The last two columns show the impact of introducing GM technology on producer and consumer welfare. These are expressed in relation to a baseline value of 1. Hence, a measure of consumer welfare change of 0.03 suggests that consumers are 3% better off. Except for scenario 13, the welfare implications are as expected. On the aggregate, consumers and producers typically benefit slightly from the introduction of the technology. The sum of the two welfare gains is typically greatest when identity preservation costs are low, and when the cost advantage is high. Welfare gains are particularly large when the cost advantage is high and consumer concern is low (i.e., scenarios 6 through 10).
Given that the model assumes that each agent behaves optimally and in a voluntary fashion, the aggregate welfare gains found in most scenarios are to be expected. Producers who achieve cost reductions that are greater then the market price reduction will benefit. Consumers who are indifferent between the two types of grain, or who have only a weak preference for non-GM grain will also benefit because of the low GM prices. However, there are consumers and producers who lose. The former are the consumers who strongly prefer non-GM grain, because the price paid for non-GM grain increases.1 The latter are producers who do not adopt the GM technology (because the prices received for all grains fall), and producers who adopt but whose cost savings are not enough to offset the reduction in price.
One surprising result is to be found in scenario 13. Here, identity preservation is expensive, the cost advantage is low, and consumers exhibit high concern about GM crops. The cost advantage is sufficient to entice most farmers to adopt, but the amount of consumer concern is such that almost 10% of the crop is handled via the alternative (and expensive) handling mechanism. The price reduction associated with the technology is not enough to offset the costs associated with moving this much grain through the alternative system, and as a result both producer and consumer welfare measures are lower.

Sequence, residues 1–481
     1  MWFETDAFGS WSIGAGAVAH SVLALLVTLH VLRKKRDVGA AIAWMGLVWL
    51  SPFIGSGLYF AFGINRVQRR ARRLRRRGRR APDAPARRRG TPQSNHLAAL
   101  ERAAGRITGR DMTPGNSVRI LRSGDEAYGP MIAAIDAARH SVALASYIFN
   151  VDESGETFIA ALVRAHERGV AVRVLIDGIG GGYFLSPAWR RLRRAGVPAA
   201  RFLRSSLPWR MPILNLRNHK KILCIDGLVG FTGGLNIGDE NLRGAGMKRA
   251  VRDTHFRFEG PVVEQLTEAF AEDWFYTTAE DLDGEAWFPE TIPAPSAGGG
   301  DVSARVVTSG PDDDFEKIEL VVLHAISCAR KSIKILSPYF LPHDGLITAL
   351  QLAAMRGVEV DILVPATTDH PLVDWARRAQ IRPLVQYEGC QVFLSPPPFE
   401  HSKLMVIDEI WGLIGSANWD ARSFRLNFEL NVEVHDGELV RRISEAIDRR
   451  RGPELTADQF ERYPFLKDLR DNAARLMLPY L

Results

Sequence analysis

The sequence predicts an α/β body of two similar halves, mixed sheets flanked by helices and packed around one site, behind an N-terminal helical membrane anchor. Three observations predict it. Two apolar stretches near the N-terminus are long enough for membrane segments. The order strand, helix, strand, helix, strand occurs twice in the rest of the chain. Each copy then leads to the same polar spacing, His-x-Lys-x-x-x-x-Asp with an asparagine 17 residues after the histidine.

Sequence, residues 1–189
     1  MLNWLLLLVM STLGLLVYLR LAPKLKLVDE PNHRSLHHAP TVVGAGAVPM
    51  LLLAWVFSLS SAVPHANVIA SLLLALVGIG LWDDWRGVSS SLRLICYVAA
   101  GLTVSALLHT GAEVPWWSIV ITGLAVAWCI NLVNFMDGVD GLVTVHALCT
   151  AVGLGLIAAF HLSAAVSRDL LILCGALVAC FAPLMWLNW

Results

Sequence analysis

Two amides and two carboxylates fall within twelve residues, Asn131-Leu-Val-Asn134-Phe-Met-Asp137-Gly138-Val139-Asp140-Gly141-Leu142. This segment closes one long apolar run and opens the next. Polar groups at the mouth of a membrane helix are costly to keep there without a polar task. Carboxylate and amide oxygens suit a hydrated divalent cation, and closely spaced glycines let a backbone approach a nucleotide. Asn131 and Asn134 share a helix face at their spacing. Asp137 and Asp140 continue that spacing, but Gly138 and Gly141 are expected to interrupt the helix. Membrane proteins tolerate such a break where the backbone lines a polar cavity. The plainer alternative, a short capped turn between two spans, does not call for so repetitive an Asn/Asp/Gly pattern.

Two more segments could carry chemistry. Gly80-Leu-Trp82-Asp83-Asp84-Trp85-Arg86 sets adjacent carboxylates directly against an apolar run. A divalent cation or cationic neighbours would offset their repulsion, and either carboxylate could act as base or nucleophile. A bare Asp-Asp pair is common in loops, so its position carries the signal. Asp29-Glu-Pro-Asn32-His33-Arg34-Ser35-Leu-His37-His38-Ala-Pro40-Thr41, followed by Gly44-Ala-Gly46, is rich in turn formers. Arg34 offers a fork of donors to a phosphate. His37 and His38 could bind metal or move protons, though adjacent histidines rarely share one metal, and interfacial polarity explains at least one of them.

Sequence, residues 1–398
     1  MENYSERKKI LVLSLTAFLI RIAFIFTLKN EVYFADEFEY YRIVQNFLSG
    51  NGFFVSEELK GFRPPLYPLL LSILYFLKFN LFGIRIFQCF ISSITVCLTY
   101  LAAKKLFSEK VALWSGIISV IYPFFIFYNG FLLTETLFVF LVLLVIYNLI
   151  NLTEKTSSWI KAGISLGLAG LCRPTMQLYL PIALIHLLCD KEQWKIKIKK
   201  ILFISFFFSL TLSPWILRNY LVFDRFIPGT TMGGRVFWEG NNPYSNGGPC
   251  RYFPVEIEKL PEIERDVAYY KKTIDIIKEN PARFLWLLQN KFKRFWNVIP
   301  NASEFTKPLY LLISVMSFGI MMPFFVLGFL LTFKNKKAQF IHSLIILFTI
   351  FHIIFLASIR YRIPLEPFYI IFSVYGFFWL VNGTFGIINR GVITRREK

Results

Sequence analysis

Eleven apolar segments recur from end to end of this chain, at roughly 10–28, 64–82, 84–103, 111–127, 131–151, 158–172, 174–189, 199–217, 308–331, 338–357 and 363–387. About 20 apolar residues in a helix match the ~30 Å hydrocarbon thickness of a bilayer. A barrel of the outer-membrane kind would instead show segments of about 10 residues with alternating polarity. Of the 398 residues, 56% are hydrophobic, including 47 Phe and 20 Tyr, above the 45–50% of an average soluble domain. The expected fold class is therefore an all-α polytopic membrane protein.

The parameters that give rise to scenario 13 are unusual in that identity preservation is much more expensive and the amount of consumer concern is substantially higher than have been experienced in the US corn market to date. However, such a situation could arise if tolerances were set so low that identity preservation costs increased substantially from current levels (Bullock & Desquilbet, 2002) and if the degree of consumer concern were to increase. This result is important because it shows that there can be situations when a ban on the production and trade of some products might be welfare increasing. For example, the parameters that led to this scenario might justify a ban on products made with child or prison labor, or tuna caught in a manner that is not safe for dolphins. We plan to explore this situation further in a follow-up study.
1Our findings regarding consumer welfare are consistent with the results of Giannakas and Fulton (2002). They showed that identification costs and the level of consumer aversion to GM products are key factors determining whether the introduction of GM products increases or reduces aggregate consumer welfare.
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Fernandez-Cornejo, J., & McBride, W. (2000). Genetically engineered crops for pest management in U.S. agriculture (Agricultural Economic Report No. 786). Washington, DC: United States Department of Agriculture Economic Research Service.
Lence, S. H., & Hayes, D.J. (2001). Response to an asymmetric demand for attributes: An application to the market for genetically modified crops (Center for Agricultural and Rural Development [CARD] Working Paper 01-MWP 05). Ames, IA: Iowa State University.
Lin, W.W., Chambers, W., & Harwood, J. (2000) Biotechnology: U.S. handlers look ahead. Agricultural Outlook, 270, 29-34. Washington, DC: United States Department of Agriculture Economic Research Service.
Moon, W., & Balasubramanian, S.K. (2001). Public perceptions and willingness-to-pay a premium for non-GM foods in the US and UK. AgBioForum, 4, 221-231. Available on the World Wide Web: http://www.agbioforum.org.
Sergio Lence is Associate Professor, Department of Economics, Iowa State University, Ames. Dermot Hayes is Pioneer Hi-Bred Professor of Agribusiness, Department of Economics, Iowa State University, Ames.
Suggested citation: Lence, S.H., & Hayes, D.J. (2002). Impact of biotech grains on market structure and societal welfare. AgBioForum, 5(3), 85-89. Available on the World Wide Web: http://www.agbioforum.org.